Unites States Public Health Service Commissioned Corps

RegisteredNursing.org Staff Writers | Updated/Verified: Jan 20, 2024

Nurses who are commissioned by the U.S. Public Health Service (USPHS) become officers that serve their community and the nation as a whole. These nurses respond during public health crises and emergencies, conduct research, review new medicine, and impact the health policies of the nation.

The Mission of the U.S. Public Health Service Commissioned Nurse Corps

To enhance and improve health and safety outcomes through leadership, education, and research by providing exceptional, culturally competent, holistic nursing services to all people.

U.S. Public Health Service Qualification Requirements

  • Must be a U.S. Citizen
  • Must be less than 44 years of age (may be adjusted based on previous military service)
  • Must have served less than 8 years of prior active duty service in any uniformed service
  • Must meet suitability, professional, medical and security requirements
  • Must possess a bachelor's or master's of science in nursing from an accredited nursing program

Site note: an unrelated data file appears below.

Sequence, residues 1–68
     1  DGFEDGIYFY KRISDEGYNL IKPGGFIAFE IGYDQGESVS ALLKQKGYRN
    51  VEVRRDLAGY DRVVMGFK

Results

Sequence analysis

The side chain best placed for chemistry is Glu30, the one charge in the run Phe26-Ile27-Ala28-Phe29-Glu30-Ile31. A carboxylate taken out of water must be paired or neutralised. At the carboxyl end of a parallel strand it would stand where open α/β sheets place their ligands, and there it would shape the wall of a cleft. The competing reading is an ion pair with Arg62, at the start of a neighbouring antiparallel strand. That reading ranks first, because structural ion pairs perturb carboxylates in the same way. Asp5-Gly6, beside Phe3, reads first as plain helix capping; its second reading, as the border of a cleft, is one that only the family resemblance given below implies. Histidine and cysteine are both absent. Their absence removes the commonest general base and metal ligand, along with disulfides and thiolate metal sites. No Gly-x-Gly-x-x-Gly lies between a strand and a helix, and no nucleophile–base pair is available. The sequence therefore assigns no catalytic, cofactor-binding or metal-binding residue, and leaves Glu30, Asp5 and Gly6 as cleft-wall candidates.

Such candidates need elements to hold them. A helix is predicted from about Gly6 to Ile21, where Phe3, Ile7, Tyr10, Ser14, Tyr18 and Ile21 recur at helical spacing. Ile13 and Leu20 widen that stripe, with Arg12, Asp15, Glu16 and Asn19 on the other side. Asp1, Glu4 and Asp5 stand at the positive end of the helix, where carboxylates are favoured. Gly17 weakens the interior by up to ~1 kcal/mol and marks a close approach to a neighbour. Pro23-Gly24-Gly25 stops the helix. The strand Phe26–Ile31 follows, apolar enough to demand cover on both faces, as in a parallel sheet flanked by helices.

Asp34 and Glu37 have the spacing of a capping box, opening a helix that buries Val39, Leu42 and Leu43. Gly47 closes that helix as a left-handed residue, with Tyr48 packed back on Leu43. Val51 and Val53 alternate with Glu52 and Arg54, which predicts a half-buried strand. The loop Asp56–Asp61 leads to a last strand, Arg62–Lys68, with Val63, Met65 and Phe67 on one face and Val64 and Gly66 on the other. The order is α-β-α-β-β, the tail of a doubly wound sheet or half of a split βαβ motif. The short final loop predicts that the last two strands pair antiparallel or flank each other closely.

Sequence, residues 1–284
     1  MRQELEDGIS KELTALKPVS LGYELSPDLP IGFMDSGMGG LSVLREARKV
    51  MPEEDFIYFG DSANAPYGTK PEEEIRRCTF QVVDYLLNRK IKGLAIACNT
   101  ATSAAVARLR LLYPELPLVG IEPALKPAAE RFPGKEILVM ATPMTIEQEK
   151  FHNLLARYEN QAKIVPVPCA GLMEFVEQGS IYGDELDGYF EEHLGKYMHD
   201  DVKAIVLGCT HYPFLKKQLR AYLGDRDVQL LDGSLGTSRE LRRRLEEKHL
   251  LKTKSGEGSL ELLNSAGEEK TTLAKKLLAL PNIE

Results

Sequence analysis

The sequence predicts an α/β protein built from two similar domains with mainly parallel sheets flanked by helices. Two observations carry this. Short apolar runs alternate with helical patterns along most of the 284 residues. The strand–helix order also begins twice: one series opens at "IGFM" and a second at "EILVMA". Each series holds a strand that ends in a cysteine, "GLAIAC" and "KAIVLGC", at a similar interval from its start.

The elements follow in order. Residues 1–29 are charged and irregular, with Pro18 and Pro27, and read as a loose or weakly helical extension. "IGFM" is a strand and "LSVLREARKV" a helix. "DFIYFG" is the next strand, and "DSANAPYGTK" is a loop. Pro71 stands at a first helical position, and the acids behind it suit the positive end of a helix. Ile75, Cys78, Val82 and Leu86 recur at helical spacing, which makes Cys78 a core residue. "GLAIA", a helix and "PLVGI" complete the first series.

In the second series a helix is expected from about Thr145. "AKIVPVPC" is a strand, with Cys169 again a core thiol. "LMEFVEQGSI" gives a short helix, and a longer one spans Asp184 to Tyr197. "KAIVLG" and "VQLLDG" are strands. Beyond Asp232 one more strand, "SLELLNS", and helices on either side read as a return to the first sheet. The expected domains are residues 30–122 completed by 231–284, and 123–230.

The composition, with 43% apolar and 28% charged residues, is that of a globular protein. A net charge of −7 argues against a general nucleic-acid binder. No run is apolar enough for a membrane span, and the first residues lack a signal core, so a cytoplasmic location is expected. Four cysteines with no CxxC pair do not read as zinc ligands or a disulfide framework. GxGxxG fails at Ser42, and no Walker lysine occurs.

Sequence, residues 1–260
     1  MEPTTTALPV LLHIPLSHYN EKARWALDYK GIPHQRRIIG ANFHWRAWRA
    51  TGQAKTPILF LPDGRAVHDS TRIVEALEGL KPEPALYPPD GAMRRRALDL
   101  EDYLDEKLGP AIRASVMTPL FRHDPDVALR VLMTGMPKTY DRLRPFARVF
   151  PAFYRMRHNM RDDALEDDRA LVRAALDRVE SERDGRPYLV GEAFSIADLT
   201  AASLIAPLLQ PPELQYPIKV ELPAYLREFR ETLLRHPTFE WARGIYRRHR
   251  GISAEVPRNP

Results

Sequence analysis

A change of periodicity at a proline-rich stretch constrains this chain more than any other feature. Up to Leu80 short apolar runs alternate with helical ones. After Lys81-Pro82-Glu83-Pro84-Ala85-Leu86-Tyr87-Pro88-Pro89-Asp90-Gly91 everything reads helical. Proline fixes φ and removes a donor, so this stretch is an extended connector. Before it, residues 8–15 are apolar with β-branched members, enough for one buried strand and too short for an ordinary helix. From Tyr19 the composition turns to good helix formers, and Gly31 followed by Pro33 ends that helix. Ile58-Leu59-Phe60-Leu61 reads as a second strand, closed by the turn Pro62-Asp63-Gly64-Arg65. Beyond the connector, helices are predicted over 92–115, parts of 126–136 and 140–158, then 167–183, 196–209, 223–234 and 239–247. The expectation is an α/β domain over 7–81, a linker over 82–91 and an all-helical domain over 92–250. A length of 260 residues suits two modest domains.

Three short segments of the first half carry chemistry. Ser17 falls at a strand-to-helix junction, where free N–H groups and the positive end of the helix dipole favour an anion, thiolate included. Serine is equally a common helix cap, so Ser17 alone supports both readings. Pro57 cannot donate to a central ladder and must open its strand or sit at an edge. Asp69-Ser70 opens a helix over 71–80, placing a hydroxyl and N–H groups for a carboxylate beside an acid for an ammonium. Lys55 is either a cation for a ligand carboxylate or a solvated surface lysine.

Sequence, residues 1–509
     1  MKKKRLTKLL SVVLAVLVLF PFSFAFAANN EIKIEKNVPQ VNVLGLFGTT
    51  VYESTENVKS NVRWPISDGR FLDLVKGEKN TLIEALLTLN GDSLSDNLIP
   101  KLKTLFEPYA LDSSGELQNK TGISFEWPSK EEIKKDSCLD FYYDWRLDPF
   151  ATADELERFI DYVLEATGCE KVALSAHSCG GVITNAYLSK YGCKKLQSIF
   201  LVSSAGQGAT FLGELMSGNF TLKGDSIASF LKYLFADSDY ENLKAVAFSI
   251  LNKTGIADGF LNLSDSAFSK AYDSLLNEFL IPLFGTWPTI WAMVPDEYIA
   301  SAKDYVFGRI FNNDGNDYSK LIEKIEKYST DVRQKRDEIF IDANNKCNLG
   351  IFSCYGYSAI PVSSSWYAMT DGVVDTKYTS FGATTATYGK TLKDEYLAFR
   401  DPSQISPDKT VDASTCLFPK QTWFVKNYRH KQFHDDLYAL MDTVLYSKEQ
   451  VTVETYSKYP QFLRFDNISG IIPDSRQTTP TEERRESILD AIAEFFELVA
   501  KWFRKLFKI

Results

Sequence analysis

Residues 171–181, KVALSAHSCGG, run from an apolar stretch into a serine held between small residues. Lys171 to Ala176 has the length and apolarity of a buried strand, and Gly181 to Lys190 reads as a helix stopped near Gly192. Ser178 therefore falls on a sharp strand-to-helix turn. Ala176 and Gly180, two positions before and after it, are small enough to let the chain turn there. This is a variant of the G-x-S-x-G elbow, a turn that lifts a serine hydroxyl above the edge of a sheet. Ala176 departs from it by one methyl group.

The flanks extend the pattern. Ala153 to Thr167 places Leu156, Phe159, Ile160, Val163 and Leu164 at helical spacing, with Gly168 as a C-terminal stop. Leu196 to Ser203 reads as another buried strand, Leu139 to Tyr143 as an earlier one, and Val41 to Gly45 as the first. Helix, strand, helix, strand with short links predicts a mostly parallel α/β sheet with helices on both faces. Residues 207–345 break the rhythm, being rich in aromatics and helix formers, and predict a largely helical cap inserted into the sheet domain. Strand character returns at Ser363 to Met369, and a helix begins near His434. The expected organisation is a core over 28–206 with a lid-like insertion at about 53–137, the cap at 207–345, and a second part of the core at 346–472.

• Must hold a current, unrestricted, and valid Registered Nurse license
  • Must have passed the National Council Licensure Examination

Benefits of the United States Public Health Service

  • Commissioned Corps officers working at the USPHS are offered the same benefits as other military uniformed services:
  • No-cost health care
  • Paid sick leave, maternity leave, and Federal holidays
  • Clinical practice liability coverage
  • Thirty days of paid vacation
  • Non-taxed housing
  • Retirement plans
  • Education loan repayment programs
  • Veterans Affairs benefits such as the Montgomery GI Bill
  • Accession bonus up to $25,000 for a 4-year Active Duty agreement
  • Access to military base services such as exchanges, guest housing, and commissaries

Work Environment

Nurses in service of the USPHS can be employed at a variety of locations and setting across the country:

  • Indian Health Service
  • Food and Drug Administration
  • Centers for Medicare and Medicaid Services
  • National Institute of Health
  • Health Resources and Services Administration
  • Centers for Disease Control and Prevention
  • Agency for Toxic Substances and Disease Registry
  • Substance Abuse and Mental Health Services Administration
  • Agency for Healthcare Research and Quality
  • Federal Bureau of Prisons
  • Immigration Health Services U.S. Marshals Service

Learn more at https://www.usphs.gov/profession/nurse/


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